Interview with Supreme Court Justice Duane A. Hart

By: Lauren Tucker | Staff Writer

On January 14, 2016, I had the privilege of speaking with Supreme Court Justice Duane A. Hart about his experience working as a judge in the Commercial Division in Queens County. Justice Hart attended Columbia University for his undergraduate education and later graduated from Howard University School of Law. After graduating from law school, Justice Hart soon became a Queens County Assistant District Attorney, in the major crimes bureau, and specialized in several areas including career criminals and special victims. After serving as an ADA for over 6 years, Justice Hart then served as the law clerk for the Hon. Daniel W. Joy. Justice Hart has also had experience working in private practice, trying personal injury cases and no-fault arbitrations. Justice Hart served as a Judge in the New York City Civil Court, from 2000 to 2001. In 2002, he was elected to be a Justice of the Queens County Supreme Court, Civil Term in the 11th Judicial District of New York, and in November 2015 he was re-elected to this position.

What are your favorite and least favorite experiences or aspects of the Commercial Division from your point of view as a judge?

Answer: My least favorite aspect is when I see cases labeled as Commercial Division cases which would be more suited in other courts. For example, cases between a boyfriend and girlfriend or significant others, which should be in matrimonial court, but are labeled as a Commercial Division case because they owned or were partners in a business together. My favorite aspect is what I am able to do with the Commercial Division cases. I am enough of an optimist that, when I have a complicated fact pattern, I know I can do some good for somebody. I enjoy that aspect. Particularly, when I can put together, or help put together a plan that saves a neighborhood or saves some businesses. I have had cases where I have been able to keep people working and families fed. Sometimes, it is about fighting so that a person or a company can pay their tax bill or trying to convince the city, a landlord, or someone else, that it is more important to have people work and feed their families.

Do you ever reject a case that is labeled Commercial Division?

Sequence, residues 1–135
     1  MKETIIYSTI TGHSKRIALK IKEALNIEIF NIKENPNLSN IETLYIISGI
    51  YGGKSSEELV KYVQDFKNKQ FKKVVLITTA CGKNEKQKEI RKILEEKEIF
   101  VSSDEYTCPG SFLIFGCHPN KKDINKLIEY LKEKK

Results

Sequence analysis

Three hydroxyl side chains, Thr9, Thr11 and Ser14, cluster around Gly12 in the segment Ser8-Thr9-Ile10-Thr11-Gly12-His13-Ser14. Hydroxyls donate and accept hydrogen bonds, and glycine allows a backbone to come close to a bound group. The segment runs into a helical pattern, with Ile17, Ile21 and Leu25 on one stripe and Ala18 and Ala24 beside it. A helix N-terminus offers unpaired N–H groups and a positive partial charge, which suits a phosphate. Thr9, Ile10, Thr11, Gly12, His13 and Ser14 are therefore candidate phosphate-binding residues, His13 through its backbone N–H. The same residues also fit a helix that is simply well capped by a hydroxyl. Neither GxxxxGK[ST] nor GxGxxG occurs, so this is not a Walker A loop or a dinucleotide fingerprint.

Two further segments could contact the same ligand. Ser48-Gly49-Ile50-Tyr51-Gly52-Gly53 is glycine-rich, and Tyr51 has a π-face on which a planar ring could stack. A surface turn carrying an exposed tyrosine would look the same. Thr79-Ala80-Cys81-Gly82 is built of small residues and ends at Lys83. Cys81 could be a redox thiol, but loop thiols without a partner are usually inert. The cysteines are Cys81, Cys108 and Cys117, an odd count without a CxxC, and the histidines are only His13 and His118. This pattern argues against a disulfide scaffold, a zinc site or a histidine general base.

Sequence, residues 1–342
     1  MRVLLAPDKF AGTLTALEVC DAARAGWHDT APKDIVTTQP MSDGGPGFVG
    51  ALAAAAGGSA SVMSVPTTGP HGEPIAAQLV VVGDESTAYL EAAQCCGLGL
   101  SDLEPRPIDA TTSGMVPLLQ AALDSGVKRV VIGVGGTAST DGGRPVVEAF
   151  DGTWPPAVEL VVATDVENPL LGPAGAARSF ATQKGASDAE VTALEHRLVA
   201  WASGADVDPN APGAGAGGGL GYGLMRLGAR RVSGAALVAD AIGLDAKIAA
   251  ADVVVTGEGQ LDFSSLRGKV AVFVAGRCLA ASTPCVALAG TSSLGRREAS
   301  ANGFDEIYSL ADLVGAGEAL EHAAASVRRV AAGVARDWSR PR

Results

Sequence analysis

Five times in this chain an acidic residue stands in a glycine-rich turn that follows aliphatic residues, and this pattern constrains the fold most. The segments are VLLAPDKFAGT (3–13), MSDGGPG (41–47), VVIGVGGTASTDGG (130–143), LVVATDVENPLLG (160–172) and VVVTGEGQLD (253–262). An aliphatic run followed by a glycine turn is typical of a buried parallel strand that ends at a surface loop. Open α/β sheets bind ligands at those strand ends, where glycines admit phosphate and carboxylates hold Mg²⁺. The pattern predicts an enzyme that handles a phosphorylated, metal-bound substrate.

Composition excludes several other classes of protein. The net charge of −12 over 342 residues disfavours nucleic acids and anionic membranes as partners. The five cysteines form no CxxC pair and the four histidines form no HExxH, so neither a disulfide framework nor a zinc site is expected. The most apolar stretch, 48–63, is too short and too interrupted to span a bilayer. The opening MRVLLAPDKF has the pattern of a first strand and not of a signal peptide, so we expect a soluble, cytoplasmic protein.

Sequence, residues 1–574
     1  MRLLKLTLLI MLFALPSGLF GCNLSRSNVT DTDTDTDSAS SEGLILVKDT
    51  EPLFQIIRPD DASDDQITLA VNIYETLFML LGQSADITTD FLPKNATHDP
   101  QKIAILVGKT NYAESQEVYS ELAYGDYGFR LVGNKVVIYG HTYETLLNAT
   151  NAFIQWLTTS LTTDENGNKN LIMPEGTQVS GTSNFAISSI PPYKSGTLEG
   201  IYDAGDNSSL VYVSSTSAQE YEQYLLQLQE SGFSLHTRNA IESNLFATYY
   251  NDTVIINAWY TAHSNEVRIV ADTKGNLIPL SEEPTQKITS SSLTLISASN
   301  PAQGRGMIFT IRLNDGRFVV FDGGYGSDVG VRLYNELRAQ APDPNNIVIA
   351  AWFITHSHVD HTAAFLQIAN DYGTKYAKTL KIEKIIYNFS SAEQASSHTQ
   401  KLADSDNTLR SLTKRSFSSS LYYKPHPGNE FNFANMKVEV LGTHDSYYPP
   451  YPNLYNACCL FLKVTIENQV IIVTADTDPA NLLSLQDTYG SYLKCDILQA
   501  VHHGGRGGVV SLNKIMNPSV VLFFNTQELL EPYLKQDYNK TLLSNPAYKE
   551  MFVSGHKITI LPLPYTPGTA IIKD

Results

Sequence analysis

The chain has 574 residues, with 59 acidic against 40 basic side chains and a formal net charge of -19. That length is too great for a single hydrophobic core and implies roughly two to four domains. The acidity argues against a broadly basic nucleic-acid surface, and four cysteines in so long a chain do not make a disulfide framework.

Answer: No. Cases are very rarely rejected. If I reject it, where is it going to go? It is just going to end up somewhere else in front of another judge, so why bother rejecting it. You are served the plate that you are given.

What are the most important topics in the Commercial Division today that the legal community and everyday people should be focusing on?

Answer: International cases are really on the rise in the Commercial Division. A significant rise can be seen in New York County’s Commercial Division because Manhattan is a hub of international business. Years ago, international cases were only heard in Federal court, but now New York State court is as good a forum for international commercial cases of any size or feature. Queens does have a few international cases, and I have had a handful myself, but New York County is really the hub for those cases.

What is unique about being a Commercial Division judge?

Answer: The New York Commercial Division Judges are the most experienced, and the most senior judges, because of the complexity of the issues they handle. Some of these issues are rather complex, such that even some of the attorneys don’t know how complex they are. Consequently, Commercial Division cases require experienced attorneys as well. In State court, you see your best litigators in the Commercial Division and complicated medical malpractice cases, as well as in condemnations. The more complex the issue in the case, the better the attorney is usually.

How did your background (law school, law clerking, etc..) help prepare you for working in the Commercial Division?

Answer: Well one thing I did, before I went to law school, is that I went to business school for a while. I also interned for the U.S. Controller of the Currency in Washington, D.C. during law school, which gave me a little bit of banking background. But, again, since the day I walked in I have always had complex cases, which helps.

What advice would you give to a new Law Clerk, who has never worked in the Commercial Division?

Answer: Stay awake, and hope that the Judge knows what he or she is doing.

What book, it does not have to be a legal book, would you recommend that every member of the legal community (law students, attorneys, judges) read?

Answer: It is not a book, but the New York Times. I read it every day.

You were an ADA for several years, why did you choose to be a Civil Court Judge opposed to a Criminal Court Judge?

Answer: For me, civil is more interesting. There is a sameness about criminal cases that you do not have in civil cases. Again, I think that civil is more complex. Unless you are doing big time cases, a lot of the criminal cases start to sound alike. However, the same can be true of some civil cases, I mean a car accident case is a car accident case. But fortunately, there are a wider range of topics and issues at hand in civil court. I have done everything from condemnations to voter fraud.

How many of your cases are classified as Commercial Division Cases, compared to your regular caseload.

Answer: It varies because I have a large roster of cases. I am only on top of my game the more work I do. I have to be intellectually challenged, and if I am not, it is not good for me. So I enjoy the Commercial Division cases.

 

 

 

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